Evaluation of the NASA SRB Surface Fluxes as a Function of Meteorological State

Wednesday, 17 December 2014: 4:36 PM
Thomas P Ackerman, Joint Institute for the Study of the Atmosphere and Ocean, Seattle, WA, United States and Laura M Hinkelman, Univ of WA-JISAO, Seattle, WA, United States
Accurate determination of the surface radiation budget is a critical component of understanding the global energy and water cycles and climate change. The only way to provide surface radiation budget estimates that are consistent and global is via satellite-based products; such estimates are now available convering several decades. In order to make use of these products in climate studies, it is imperative that we understand and minimize their uncertainties. While general estimates of uncertainty can be made using surface observations at multiple locations around the globe, more focused investigation is required to identify the specific conditions under which errors in the satellite products occur.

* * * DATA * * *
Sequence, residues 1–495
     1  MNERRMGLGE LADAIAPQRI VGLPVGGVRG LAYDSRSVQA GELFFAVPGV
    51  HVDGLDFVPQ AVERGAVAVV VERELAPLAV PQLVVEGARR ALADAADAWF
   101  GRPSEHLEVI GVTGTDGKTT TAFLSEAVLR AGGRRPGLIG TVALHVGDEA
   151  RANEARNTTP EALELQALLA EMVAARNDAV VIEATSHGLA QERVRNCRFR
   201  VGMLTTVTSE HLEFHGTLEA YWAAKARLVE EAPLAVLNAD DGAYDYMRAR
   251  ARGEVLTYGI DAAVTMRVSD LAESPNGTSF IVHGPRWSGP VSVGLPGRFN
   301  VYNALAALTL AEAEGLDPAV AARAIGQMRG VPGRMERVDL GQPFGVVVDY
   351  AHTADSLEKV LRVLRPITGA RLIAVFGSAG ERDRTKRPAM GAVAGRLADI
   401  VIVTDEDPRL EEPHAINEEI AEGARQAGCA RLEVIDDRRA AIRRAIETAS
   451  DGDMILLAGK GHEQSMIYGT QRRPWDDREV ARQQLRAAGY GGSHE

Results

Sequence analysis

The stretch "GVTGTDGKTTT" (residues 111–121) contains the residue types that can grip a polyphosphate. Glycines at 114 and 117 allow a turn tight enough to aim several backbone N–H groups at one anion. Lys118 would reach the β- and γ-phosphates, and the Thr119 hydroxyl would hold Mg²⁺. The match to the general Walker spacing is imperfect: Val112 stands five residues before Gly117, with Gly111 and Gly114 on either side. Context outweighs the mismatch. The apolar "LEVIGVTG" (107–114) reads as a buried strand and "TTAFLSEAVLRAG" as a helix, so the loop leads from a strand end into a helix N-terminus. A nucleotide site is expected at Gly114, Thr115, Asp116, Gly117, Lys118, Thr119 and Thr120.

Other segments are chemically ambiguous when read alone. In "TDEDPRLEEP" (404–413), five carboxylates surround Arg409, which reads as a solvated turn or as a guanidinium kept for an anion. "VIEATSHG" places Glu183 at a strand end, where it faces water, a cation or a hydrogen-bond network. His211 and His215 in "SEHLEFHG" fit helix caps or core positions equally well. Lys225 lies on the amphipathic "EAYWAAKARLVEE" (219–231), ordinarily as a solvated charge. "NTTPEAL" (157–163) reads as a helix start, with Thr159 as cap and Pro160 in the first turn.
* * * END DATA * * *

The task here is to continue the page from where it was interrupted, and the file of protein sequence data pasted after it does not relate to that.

In this study, we evaluate the NASA/GEWEX Surface Radiation Budget (SRB) radiative flux estimates as a function of meteorological state. We have constructed a classification of large-scale meteorological states at the ARM Climate Research Facility’s Southern Great Plains (SGP) and Darwin sites using ECMWF ERA-interim data. Typical SGP states include various stages of frontal passages during winter and summer convective conditions. Typical Darwin states include dry season, transition season and monsoon conditions. Time series of these states were assembled for the period 1979-2010 at the SGP and 1979-2012 at Darwin. We also obtained ground-based solar and longwave irradiance measurements at these locations. Simultaneous ground-based measurements and satellite estimates are composited based on the meteorological state classifications. We then carry out a statistical comparison of the satellite-derived and measured irradiances based on the meteorological state populations and draw conclusions regarding how well or poorly the satellite retrieval algorithms perform. For example, the smallest differences in downwelling solar irradiance at the SGP site occur when cold fronts are in the vicinity, while the largest differences in the longwave downward irradiance occur for cold conditions dominated by northerly winds. This analysis provides insights into conditions under which the largest errors occur and what might be reponsible for those errors. This will allow us to develop improved algorithms for the creation of surface-based estimates.